Poor Megan, Maria & John.
Every day in Beekman World brings a new, unexpected challenge. Recently, while we were traveling halfway across the country, they got this email from us:
“Hey Guys…We just found out that our four Marshall Strawberry plants have been shipped. It’s looks like it’s going to be below zero so they won’t survive long sitting on the porch. Can you keep a lookout for them? There’s only 600 of them in the world, we can’t let them die!!!!!!!!!!”
We got hourly updates for the next two days:
“No strawberries yet.”
“Still no berries.”
“THEY’RE HERE! WE GOT THEM! THEY’RE ALIVE!!! GETTING READY FOR TRANSPLANT….”
Once again, they saved the day. Or in this case, they saved some culinary history.
Here’s what they (potentially) saved. Worth it, right?
Marshall strawberries were once one of the most favored strawberry varieties in the world. First discovered in Boston in 1883, it achieved peak popularity and propagation West Coast, where it once filled field after field of Washington, Oregon & California farms.
Why was it so popular? For the right reason: it tasted amazing. James Beard himself declared the Marshall: “the most delicious strawberry ever grown.” The sugar content is so naturally high that they only last hours after ripening…not days. When Queen Elizabeth and King George VI visited Vancouver, farm workers were sent into the fields to pick the ripest berries for a royal luncheon, and Canada’s custom regulations were waived to allow the fruit to enter the country without any delay.
But by the mid 1960’s, there was hardly a Marshall strawberry field to be found. Why? We’ve told this next part of the story so many times we could copy and paste it from an old post:
With the rise of our present day industrial food production and distribution network, the [insert great tasting heirloom vegetable/fruit] became extinct due to its susceptibility to disease, fragility during transport, and short shelf life.
Except the Marshall didn’t go extinct. But only just barely. A single clone of the Marshall was saved by the USDA’s Germplasm Repository in Corvallis, Oregon.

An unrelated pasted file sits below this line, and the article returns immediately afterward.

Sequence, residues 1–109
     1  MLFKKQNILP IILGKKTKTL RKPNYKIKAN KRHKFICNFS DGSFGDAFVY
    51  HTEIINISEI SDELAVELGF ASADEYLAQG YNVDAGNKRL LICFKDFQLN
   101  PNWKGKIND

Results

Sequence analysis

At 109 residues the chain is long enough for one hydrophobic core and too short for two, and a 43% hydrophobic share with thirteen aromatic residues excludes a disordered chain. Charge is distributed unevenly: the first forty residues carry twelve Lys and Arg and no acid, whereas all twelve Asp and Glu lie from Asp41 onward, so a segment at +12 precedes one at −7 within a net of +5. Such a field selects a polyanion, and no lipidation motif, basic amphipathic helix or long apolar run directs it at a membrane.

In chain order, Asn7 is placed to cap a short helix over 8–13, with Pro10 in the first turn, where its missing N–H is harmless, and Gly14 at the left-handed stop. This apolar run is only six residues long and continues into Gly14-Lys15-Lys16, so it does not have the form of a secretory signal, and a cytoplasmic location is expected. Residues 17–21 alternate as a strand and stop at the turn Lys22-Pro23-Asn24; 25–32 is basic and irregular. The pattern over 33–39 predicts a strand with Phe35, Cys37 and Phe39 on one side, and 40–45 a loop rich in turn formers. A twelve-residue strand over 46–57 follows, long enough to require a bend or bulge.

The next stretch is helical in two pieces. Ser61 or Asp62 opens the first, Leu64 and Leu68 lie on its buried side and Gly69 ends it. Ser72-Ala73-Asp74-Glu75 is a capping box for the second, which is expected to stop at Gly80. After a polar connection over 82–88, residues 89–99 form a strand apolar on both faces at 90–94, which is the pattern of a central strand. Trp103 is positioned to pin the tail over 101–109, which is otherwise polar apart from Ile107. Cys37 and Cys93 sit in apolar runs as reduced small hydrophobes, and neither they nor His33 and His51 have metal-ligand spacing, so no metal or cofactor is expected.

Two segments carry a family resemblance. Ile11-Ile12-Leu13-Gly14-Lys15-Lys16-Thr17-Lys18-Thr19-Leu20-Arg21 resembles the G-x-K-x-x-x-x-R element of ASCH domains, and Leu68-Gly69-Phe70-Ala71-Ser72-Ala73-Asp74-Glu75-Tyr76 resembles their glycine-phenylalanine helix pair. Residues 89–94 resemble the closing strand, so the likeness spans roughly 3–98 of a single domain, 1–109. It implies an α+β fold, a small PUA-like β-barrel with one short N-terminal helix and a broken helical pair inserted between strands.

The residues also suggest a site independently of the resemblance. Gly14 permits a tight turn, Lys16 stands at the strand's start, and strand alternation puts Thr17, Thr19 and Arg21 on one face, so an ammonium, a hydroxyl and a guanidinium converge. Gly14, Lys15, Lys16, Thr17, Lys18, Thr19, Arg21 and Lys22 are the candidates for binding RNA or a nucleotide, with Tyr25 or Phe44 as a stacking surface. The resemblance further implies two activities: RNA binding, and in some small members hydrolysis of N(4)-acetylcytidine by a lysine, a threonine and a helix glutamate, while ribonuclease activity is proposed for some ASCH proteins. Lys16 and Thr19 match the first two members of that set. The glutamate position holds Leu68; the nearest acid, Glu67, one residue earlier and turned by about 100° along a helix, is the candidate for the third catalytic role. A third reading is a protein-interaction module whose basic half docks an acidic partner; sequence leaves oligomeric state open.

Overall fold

We’re not sure naming something a “Germplasm” is great marketing, but whatever. Thank you, USDA, for saving the Marshall.
In 2004, it was named one of the ten most endangered foods in the USA by the RAFT (Renewing America’s Food Traditions) coalition. And in 2007, an artist named Leah Gauthier requested some runners from Corvallis, and since she planned on growing them for food, not research, they agreed. She’s since propagated additional plants from runners, and now has enough for sale. But just barely. Only 600 small plants are available this year.
The plants are shipped in these cute little “pouches.”
Each has a little tag with the plant’s individual number. We have 21-24 out of 2013’s batch of 600:
They also come with explicit directions for transplanting indoors (if your season is cold right now) or out. And certificates of authenticity:
Because we believe in both biodiversity of our food supply (that’s a fancy way of saying “healthy choices,”) and saving history, we’ve decided to make Beekman 1802 Farm a permanent home for the Marshall, and are dedicating an entire bed to propagating them.
These plants aren’t cheap. So we’re starting with four, and will grow them out season by season until the bed is full. But we believe the investment is well worth it to save this important variety. So far they’re looking good:
Even got a new shoot forming!
Plus…think of the reward. Mmmmm.
OR, if you’re lucky enough to live around Brooklyn, you can come pick up plants at Brooklyn Flea, March 16 +17, and save the shipping fees entirely!
Please let us know if you purchase any. We’d love to be “Marshall cousins” with you. We’ll update you on our progress as the season progresses, and will certainly share pics of the first (knock wood) fruit.
What should we make with the first berries?